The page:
The title of Anaïs Duplan’s latest book, I NEED MUSIC, makes a seemingly straightforward declaration, an emphatically all-capped departure from the titles of his previous books, Blackspace: On the Poetics of an Afrofuture (Black Ocean, 2020), Mount Carmel and the Blood of Parnassus (Monster House Press, 2017), and Take This Stallion (Brooklyn Arts Press, 2016). The very act of reading the title, bolded black against an abstract, colored background, is a through-the-looking-glass moment which deposits the reader into a land of kaleidoscope selves and dismantled bodies: a real-life land whose reality can only be revealed through art. Duplan is an explorer in this land, looking to create—and thereby liberate—his whole self from the broken one situated in a culture of gendered and racialized power structures. By sharing his poetry-as-process-of-doing-so, Duplan creates a landscape in which he invites us to find reflections of our own selves, shape those selves, and claim them.
Duplan begins by dissecting the fundamentally dissociative nature of a self whose public identity was assigned to him by patriarchal white cultural norms. It is a confining assignation, with no space for the self to even conceive of a different identity, never mind manifest one in the real world, leaving him to ask, “What does it mean, to not be known to the self.” Duplan’s search for an answer is an iterative and deeply personal act:
It took a year of hormone therapy before transition started to feel
Like healing, but not from a breathtime of being in the wrong body.
I was healing the part of myself that was identified with my body,
identified with a gender, with the person I was on any given day,
with my affects, preferences, ‘n’ dislikes. Identity itself as an idea
fell apart ‘n’ my sense of self started to come from
some of everywhere, somewhere so deep
that some of / everywhere come with us
He describes his transition into a Black, male body as being both disorienting and grounding: an interior landscape that is difficult to understand, much less convey. To navigate this space, considered by the racialized, heteronormative culture to be a wasteland, where the true self must wander in order to be known to itself, Duplan turns to art. It is here that he can find reflections of himself, to see what he looks like—not to others, but to himself. I NEED MUSIC is his self’s ekphrastic journey through a space collectively created in collages, paintings, sculptures, music, films, and dance performances: the space that was missing from the identity assigned to him by warped cultural norms.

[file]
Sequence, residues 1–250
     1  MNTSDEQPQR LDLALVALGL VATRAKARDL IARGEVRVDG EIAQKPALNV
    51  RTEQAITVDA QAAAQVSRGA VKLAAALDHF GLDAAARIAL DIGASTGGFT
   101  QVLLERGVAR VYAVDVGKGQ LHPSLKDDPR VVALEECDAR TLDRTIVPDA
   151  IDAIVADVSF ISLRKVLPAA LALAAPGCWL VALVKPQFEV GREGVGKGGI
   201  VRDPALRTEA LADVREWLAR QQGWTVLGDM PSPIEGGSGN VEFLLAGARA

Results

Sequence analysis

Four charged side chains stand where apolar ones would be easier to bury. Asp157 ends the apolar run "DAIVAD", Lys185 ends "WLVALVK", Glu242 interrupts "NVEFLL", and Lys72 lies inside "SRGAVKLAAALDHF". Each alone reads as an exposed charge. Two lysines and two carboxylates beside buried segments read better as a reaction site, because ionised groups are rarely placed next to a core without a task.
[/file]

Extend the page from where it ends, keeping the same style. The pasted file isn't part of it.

Duplan describes the act of experiencing art as communion with the artist in contemporary painter Katerina Pansera’s work when he writes, “I make a mental image of myself /as an inhabitant of the room’s in Katerina’s paintings,” going on to describe this as an act of “mirroring”: “Often, in mirroring folk’s paintings, folks’ likenesses rise / to the top of our psyches and we try to find some meaning / in their presences.” It is here, in this artistic, creative space, that personal self-integration can take place.
The first such space where he situates himself is in a collage by Troy Michie, a queer, Black, visual artist whose work explores the intersections of race, gender, and other fields of identity and power. Of the image, Duplan asks:
Wow, where has his crotch gone?
Body parts start to come off the dome.
Like the only body here is in bits ‘n’ pieces:
A sort of facing of the capacity for pleasure, this.
I’ll go around ‘n’ around her parts plenty of times
Until the capacity for pleasure repeats the sound of sweeping
. . .
This may be one attempt. To get someone to pay attention,
Or a method of contractually observing an abdomen—
Better yet known as a torso
The self in question is a body breaking into parts, some of them male (“his crotch”), some female (“around ’n’ around her parts”), some ungendered (“an abdomen,” “a torso”). All are swept up in the dynamic twists of a kaleidoscope lens—a brilliant shattering apart that constitutes the first step to creating and claiming one’s own self. What must be broken is the assigned public identity, as Duplan discusses in his interview of poet Nathaniel Mackey, remarking, “The phrase in Mackey’s book Blue Fasa that totally knocked me out is ‘New Black Music is this: Find the self then kill it.’” Mackey attributes the phrase to poet Amiri Baraka, who used it to describe his experience of the Civil Rights Era. In the interview, Mackey tells Duplan:
One of the things that that involved was finding a self, really looking at the self that you had, and really coming to see that it had been fashioned by social relations that we wanted to obliterate. . . . You had to look at the extent to which you were compliant with that shaping. The self that you had found yourself to be was, in some way, a creation of that regime of white supremacy. Then killing it would mean fashioning a new self that would be in conflict with that regime and that wants to bring about the destruction of that regime.